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National Weather Service: Tornado Touched Down In Fayette County

A black and white photo shows homes and trees damaged by a tornado.
Damage from the Shinnston tornado of June 1944.
West Virginia State Police

The National Weather Service said a tornado touched down Tuesday in Fayette County.

Preliminary damage assessments indicate an EF-2 tornado, with wind speeds up to 130 mph, touched down in the Hico area during Tuesday’s severe weather.

John Peck, a meteorologist with the National Weather Service in Charleston, explained how the tornado’s strength is calculated.

“Structures, depending on how the structure is built, what the structure is made of, tree damage, things like that,” he said. “We generate an estimated wind speed based off the damage to those indicators.”

No fatalities have been reported statewide from Tuesday’s storms. 

The deadliest tornado in state history occurred in Shinnston on June 23, 1944. It killed 103 people and clocked wind speeds of 206 mph. Today, it would be categorized as an EF-5, the strongest possible tornado.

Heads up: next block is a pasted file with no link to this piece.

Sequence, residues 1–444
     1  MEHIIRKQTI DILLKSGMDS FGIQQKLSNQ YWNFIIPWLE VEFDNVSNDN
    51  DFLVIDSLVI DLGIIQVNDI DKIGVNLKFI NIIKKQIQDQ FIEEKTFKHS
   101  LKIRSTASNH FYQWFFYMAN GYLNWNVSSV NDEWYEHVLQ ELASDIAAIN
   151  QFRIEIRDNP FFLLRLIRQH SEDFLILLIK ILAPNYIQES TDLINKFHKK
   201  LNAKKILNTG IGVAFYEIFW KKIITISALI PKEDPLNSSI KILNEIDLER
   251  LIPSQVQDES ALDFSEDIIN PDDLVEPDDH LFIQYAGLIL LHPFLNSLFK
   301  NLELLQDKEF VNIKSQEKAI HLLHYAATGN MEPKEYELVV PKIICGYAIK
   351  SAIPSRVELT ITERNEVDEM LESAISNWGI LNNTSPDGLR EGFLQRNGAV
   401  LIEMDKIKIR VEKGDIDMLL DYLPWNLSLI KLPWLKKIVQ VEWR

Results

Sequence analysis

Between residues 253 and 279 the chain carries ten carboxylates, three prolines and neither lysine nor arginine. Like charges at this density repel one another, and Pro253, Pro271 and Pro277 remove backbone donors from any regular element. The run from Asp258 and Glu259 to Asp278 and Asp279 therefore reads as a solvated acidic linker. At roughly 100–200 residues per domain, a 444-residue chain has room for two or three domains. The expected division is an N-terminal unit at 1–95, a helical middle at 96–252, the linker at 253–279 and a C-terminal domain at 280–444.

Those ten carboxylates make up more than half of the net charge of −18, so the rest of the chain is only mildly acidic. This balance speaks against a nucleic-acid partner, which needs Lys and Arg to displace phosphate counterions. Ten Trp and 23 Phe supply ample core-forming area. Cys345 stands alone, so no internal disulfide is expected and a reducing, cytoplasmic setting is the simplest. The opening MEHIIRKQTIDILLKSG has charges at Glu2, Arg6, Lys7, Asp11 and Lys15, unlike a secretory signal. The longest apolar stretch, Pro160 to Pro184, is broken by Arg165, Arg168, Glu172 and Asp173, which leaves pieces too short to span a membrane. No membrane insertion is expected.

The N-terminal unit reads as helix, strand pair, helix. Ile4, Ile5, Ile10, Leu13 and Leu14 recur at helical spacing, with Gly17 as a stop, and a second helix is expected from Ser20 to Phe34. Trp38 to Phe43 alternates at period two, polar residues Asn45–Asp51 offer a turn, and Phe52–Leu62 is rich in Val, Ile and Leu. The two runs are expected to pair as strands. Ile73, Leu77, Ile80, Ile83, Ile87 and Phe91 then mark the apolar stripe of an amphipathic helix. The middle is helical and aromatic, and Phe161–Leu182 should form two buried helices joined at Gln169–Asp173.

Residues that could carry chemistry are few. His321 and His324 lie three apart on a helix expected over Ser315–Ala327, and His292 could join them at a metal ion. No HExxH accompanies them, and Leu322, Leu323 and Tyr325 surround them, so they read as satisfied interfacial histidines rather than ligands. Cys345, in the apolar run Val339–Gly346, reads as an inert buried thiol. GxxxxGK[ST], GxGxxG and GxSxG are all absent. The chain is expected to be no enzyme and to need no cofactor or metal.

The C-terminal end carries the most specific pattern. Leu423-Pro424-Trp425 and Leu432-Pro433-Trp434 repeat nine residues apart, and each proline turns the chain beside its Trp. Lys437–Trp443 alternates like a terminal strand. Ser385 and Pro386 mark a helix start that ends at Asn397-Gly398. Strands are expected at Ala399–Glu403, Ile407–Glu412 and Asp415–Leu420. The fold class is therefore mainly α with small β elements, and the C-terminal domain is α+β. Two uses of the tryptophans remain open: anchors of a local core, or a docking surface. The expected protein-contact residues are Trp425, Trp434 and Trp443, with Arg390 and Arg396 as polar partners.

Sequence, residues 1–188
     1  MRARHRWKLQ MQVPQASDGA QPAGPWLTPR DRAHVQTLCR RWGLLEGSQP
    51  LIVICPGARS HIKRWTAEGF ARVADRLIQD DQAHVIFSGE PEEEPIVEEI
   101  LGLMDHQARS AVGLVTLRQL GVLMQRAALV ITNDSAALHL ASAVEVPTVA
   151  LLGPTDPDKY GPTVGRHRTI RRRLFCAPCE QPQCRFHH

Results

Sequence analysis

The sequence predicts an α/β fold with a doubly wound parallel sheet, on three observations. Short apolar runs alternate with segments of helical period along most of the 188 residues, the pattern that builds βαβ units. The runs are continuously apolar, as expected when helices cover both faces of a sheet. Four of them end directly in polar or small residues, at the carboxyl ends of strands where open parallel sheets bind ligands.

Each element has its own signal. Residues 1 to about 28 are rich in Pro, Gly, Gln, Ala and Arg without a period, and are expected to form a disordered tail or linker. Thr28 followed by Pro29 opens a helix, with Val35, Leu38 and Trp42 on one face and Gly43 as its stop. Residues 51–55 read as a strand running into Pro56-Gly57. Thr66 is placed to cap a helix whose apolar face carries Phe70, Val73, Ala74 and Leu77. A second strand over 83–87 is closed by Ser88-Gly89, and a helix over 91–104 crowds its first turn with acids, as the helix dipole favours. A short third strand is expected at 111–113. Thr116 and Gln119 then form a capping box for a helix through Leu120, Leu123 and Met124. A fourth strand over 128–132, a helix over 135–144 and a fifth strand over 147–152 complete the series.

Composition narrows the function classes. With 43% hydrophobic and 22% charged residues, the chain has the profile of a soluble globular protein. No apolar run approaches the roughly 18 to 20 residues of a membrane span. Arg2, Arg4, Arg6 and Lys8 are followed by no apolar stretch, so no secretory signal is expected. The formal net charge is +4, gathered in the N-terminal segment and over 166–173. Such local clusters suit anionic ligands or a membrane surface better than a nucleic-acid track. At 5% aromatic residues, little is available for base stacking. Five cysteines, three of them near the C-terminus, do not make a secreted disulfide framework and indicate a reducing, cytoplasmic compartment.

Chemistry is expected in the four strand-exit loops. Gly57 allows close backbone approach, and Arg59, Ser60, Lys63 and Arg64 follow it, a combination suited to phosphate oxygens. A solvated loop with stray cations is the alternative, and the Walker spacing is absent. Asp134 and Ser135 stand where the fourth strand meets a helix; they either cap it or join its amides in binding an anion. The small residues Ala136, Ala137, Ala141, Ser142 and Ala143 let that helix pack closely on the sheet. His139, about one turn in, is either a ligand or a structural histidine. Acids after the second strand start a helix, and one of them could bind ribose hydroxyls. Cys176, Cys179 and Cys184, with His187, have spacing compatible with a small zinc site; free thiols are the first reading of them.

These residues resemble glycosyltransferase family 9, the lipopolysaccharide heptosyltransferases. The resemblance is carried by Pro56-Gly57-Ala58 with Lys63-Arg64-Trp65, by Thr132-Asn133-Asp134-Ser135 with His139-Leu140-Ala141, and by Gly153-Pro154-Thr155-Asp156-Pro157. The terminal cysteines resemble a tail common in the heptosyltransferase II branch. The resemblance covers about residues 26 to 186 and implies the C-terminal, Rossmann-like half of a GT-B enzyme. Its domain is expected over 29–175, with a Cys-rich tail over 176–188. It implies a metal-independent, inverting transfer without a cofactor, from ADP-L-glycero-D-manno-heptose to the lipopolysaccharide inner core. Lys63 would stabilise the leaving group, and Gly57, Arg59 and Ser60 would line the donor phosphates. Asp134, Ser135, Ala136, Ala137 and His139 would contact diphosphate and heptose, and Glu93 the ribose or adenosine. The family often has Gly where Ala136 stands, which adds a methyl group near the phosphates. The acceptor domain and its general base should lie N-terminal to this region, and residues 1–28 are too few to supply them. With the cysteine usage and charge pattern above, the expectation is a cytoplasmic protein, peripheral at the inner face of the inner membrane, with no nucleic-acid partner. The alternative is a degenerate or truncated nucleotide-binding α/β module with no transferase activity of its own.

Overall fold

Tornadoes are ranked according to their wind speeds, from EF-0 at 65 mph to EF-5 at 200 mph. Anything EF-2 or above is considered strong.

Peck said West Virginia sees, on average, one tornado a year.

This week marks the 50-year anniversary of the 1974 Super Outbreak of 148 tornadoes in 13 states in the Midwest and South, killing 335 people.

Though West Virginia was not as severely affected as Kentucky or Ohio in April 1974, a few tornadoes did touch down in southern West Virginia.